Last 3 Weeks in Korea- LPGA Win #100, Soldier Curfew, & CC Fees

1. National
1) Nayeon Choi’s win marks 100th LPGA win for Koreans
Korea’s Nayeon Choi won the LPGA Malaysia Tournament on Oct 16, her first win of the season, and the 100th for Korean female golfers, after beating Taiwan’s Yani Tseng by a stroke. The first LPGA win was by Okhee Ku who won the Standard Register Turquoise Classic in 1988. The 2nd and 3rd was by Oksoon Koo who won LPGA Toray Open in Japan 1994 and 1995 straight. The flood started in 1998 when rookie Seri Park won four LPGA wins, including two majors, in one season. Other Korean girls that have contributed 100th win are Mihyun Kim and Jiaye Shin with 8 wins each, Grace Park and Heewon Han with 6 wins, and Nayeon Choi with 5 wins.
Korean male golfers are humbled when compared to Korean girls in LPGA as K.J Choi and Y.E Yang are the only Korean PGA winners, totaling ten wins, 8 with K.J Choi and 2 with Y.E Yang. However, Korean males gave more impact to golf fans. Loot at Y.E. Yang with his dramatic 2009 PGA Championship win against Tiger Woods. So much exhausted from the stress of defeat, Tiger Woods hasn’t won any PGA tournament since then.  Impressed at Y.E Yang’s performance in 2009, Tiger’s wife Elin Nordegren took a private lesson from Yang on how to putt better.    
2) U.S. soldiers in Korea under curfew
A 21 year old U.S. Army private was arrested on charges of raping a girl in a dormitory in Dongducheon, a home town of 2nd Division right south of DMZ. Just a few days later, another private, also 21, was booked on charges of entering a dormitory room in Seoul, raping an 18 year old girl, and stealing her laptop. Korean government expressed its concern over sex crimes committed by U.S. soldiers.  Fearing the repeat of Okinawa rape by a G.I. in Japan in 1995, and the wild protest in Seoul in 2002 over the death of two Korean girls by a U.S. military tank, Eighth U.S. Army Commander John Johnson put a 30 day curfew for all USFK personnel living in barracks across Koreas, including Pyeongtaek. Mr.Johnson personally went on a curfew patrol in Seoul’s Itaewon at 2:00am last Saturday.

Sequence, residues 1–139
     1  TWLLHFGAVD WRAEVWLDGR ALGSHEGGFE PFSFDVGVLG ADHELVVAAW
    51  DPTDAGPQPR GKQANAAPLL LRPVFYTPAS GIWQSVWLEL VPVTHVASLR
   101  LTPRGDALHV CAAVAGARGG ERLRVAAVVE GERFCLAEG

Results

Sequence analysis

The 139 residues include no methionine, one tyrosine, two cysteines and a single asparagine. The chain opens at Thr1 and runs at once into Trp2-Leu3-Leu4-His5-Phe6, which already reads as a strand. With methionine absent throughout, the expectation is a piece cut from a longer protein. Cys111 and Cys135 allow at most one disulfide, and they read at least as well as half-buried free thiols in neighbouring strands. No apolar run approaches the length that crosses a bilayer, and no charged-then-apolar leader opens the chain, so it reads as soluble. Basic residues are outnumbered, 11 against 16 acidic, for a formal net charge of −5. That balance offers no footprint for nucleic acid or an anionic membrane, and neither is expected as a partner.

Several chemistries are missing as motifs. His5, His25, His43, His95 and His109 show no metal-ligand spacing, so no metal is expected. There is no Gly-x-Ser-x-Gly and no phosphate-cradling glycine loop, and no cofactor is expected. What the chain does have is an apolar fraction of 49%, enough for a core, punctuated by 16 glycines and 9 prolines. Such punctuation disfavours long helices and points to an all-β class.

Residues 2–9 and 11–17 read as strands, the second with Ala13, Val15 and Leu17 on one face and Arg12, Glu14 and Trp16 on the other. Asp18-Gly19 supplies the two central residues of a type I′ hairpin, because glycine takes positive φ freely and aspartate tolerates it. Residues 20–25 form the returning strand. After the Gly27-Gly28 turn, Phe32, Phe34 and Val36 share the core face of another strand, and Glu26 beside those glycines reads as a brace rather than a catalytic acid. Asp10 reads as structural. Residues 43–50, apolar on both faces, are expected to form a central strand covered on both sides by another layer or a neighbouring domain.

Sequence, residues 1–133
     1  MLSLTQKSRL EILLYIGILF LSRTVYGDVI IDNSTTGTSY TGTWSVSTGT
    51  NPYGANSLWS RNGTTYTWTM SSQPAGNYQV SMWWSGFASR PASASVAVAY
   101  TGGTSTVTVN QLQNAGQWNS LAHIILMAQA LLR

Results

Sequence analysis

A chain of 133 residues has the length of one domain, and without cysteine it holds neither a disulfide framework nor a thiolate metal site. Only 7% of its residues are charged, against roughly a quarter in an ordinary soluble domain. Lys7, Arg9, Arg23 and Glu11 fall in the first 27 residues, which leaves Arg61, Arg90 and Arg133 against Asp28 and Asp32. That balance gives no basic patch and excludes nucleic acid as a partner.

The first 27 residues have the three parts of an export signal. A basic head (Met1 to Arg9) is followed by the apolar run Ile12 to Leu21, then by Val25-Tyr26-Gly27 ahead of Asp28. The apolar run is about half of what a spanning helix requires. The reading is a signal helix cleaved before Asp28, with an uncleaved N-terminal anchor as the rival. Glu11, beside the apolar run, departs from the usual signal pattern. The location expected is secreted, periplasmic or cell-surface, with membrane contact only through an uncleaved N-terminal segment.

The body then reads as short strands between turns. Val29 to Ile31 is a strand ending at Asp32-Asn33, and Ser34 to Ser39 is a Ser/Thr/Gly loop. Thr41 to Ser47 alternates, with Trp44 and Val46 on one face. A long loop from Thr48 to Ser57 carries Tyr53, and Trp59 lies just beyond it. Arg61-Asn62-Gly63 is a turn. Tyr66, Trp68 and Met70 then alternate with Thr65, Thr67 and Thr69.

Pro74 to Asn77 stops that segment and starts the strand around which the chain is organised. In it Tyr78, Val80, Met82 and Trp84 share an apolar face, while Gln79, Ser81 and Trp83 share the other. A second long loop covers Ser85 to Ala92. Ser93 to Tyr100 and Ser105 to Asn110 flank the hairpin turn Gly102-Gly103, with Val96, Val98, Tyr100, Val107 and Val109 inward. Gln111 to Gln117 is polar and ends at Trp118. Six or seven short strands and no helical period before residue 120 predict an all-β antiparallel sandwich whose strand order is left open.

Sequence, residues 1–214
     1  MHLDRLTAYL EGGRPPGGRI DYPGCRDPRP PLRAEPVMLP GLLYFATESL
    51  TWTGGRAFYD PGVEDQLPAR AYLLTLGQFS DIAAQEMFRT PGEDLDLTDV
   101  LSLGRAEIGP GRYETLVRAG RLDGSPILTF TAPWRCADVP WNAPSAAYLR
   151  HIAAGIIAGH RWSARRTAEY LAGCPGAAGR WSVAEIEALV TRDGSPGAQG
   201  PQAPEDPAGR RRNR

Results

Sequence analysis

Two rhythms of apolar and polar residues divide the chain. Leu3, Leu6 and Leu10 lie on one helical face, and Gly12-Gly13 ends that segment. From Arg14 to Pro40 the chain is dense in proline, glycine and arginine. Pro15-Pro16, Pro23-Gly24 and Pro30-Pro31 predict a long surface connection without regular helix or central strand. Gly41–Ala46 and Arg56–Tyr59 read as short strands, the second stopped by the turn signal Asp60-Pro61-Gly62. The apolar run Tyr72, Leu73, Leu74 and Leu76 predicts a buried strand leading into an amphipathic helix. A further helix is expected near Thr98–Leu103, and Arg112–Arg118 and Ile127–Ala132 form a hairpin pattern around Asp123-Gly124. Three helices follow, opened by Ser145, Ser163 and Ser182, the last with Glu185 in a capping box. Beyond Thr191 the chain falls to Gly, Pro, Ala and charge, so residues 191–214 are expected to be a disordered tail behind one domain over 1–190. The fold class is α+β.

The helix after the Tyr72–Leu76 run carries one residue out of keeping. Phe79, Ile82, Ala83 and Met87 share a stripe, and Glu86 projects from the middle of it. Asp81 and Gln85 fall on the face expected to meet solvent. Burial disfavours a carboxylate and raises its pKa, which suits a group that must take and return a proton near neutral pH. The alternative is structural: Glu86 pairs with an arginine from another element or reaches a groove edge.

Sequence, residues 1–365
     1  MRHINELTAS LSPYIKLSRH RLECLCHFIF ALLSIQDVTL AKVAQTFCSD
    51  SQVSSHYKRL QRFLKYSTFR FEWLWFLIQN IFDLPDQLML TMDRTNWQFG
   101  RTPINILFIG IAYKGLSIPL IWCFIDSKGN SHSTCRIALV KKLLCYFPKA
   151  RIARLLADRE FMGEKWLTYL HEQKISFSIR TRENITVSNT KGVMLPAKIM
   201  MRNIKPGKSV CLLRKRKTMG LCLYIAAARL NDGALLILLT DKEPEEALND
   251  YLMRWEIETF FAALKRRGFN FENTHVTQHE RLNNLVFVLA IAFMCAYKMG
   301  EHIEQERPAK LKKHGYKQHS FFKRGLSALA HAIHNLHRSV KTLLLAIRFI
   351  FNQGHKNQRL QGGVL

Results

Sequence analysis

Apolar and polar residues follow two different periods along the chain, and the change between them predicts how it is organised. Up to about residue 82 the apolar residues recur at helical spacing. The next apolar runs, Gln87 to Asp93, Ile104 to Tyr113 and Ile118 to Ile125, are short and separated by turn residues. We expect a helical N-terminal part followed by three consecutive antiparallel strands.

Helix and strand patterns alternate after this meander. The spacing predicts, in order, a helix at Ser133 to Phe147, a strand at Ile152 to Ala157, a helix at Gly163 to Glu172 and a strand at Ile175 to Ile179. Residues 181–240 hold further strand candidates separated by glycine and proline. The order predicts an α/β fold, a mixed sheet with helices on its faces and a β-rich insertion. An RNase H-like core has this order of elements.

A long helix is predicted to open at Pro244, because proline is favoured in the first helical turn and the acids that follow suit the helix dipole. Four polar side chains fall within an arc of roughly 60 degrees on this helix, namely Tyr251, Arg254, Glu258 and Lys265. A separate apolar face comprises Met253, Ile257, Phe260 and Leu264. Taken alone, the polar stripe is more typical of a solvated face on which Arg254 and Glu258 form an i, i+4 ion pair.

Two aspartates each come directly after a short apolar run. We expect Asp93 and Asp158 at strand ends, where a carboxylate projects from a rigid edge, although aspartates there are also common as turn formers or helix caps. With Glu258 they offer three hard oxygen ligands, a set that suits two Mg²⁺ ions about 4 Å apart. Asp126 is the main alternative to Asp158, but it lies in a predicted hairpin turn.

Guess what is the busiest day for a clinic in the U.S. Army in Korea.  Monday?  Wrong.  It is Wednesday from my experience as a medic in the 8th U.S. Army from 1982 to 1984. After hard week days, the virile young soldiers go out to Itaewon for fun over the weekend. The symptoms tend to show up after three days.
2. Economy
1) Korean lawmakers still hung up on FTA ratification with U.S.
While U.S. Congress passed Korea-U.S. FTA after Korean president Lee Myungbak’s visit to Capitol Hill and GM plant in Detroit, Korean National Assembly is still dithering due to objection from the opposition Democratic Party who is refusing to cooperate with the bill’s passage unless the government come up with compensation package for farmers, fishermen and small company workers who will be negatively affected by increased import from the U.S.  The Democratic Party is even insisting re-re-negotiation of the FTA. Though the majority ruling Grand National Party can easily pass the FTA bill, they are not pushing hard enough out of fear of National Assembly turning into a Taekwondo showdown if they proceed without the consent from the minority Democratic Party who has threatened physical blocking of the voting process. The lawmakers in the two parties are still debating as of today. With over 70% of Koreans for the FTA , however, the bill will eventually pass by this month, to make Jan 1, 2012 as the effective date.